As the massive Alibaba IPO approaches later this month, we've been trying to wrap our heads around the $155 billion valuation for the Chinese e-commerce company. As it happens, Alibaba lists a number of unique items on its online marketplace that could help put things in perspective. Here's a list of some interesting items you could buy on Alibaba, and how many of them you could get with $155 billion.

15 million silicone life-size Paul Walker statues


Image courtesy of Alibaba.

Are you still mourning the untimely loss of your favorite movie star? Maybe you could take the edge off by purchasing a silicone model of his exact likeness. You could buy not just one, but enough to populate a small country. If you want to mix things up, you could even throw in some wax models of other celebrities like Pierce Brosnan, Michael Jackson, or even the pope.

375 million pairs of breast implants


Image courtesy of Alibaba.

Alibaba apparently sells all sorts of medical equipment, even down to supplies for specific implants. For the old standby of cosmetic surgery, you are required to make a minimum order of 100 pairs, so you can't exactly get them on the cheap, but the breast implants probably wouldn't be much use without a surgeon anyway. With $155 billion, you could buy enough to stock the world's largest plastic surgery practice.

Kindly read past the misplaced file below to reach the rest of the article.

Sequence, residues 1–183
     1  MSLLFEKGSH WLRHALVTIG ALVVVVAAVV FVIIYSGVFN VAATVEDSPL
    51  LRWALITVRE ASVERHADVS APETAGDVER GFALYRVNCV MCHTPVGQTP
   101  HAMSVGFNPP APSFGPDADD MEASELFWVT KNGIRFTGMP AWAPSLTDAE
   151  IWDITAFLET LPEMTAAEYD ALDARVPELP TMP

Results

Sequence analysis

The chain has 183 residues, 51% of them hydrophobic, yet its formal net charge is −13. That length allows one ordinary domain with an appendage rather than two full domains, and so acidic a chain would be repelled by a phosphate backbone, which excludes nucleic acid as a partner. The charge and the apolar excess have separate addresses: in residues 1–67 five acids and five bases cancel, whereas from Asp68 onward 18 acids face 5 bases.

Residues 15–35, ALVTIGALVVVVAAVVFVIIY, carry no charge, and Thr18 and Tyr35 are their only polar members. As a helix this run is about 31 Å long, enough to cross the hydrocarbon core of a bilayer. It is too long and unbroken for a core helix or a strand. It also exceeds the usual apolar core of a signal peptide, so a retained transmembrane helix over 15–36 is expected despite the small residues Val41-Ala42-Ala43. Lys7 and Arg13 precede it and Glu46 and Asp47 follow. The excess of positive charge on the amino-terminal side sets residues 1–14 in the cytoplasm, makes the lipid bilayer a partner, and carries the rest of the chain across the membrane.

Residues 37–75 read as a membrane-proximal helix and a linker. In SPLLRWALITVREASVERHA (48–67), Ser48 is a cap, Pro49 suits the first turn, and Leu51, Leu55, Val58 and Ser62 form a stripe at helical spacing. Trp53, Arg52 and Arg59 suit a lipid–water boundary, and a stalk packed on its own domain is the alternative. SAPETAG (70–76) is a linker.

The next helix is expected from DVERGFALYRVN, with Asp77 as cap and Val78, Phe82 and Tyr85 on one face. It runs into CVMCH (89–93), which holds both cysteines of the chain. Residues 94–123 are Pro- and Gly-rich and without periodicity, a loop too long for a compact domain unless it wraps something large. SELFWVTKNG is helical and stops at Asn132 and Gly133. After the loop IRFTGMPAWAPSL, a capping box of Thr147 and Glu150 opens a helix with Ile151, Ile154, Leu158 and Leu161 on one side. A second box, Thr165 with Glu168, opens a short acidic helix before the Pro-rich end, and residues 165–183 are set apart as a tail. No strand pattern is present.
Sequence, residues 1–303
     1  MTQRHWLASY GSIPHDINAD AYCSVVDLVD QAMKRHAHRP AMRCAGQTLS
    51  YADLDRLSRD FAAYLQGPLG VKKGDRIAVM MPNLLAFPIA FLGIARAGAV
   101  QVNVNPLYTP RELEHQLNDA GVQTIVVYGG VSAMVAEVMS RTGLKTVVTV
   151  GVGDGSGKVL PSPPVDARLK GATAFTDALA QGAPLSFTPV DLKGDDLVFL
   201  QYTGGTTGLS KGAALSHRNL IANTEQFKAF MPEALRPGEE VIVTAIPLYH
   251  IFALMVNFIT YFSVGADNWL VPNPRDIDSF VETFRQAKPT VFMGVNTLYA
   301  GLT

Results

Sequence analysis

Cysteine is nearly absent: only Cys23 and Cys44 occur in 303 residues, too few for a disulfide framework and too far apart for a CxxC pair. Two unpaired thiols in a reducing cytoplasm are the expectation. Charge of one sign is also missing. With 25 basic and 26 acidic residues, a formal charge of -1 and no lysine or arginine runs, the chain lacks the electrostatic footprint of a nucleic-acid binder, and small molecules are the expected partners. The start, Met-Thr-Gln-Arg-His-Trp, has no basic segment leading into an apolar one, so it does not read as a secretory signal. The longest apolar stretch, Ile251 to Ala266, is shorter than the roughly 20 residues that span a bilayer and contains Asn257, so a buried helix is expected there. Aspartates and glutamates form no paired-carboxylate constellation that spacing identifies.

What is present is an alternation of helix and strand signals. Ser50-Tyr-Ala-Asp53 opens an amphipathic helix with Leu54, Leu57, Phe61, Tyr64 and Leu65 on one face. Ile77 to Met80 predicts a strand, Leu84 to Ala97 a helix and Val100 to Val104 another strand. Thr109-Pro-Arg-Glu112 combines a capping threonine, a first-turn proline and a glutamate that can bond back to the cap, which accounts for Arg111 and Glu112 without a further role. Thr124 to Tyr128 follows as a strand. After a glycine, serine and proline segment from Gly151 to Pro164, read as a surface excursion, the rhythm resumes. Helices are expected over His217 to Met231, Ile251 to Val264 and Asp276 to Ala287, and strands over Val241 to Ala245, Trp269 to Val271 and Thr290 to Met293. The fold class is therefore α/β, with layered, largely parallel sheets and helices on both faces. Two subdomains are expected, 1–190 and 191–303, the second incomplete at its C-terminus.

5 million worm-shaped amusement park trains


Image courtesy of Alibaba.

Planning to open the world's creepiest amusement park chain, but can't decide on what rides will best frighten children? Look no further than the "Popular! big worm amusement park electric train." With $155 billion, you could afford to buy a 300,000-kilometer track for your worm-themed attraction.

3.3 billion packs of human hair


Image courtesy of Alibaba.

We've reported before on how you can sell your own hair for a decent amount of money, and it seems Alibaba is the place to go to see the other side of that transaction. You can even pick out varieties like Brazilian, Peruvian or Malaysian for your wigs or extensions.

7.1 billion cases of whiskey


Image courtesy of Alibaba.

With $155 billion, that bar you've always thought about opening could be stocked well enough to serve a glass of whiskey to everyone on the planet for at least of couple of weeks, all thanks to Alibaba's surprisingly large selection of wholesale alcohol.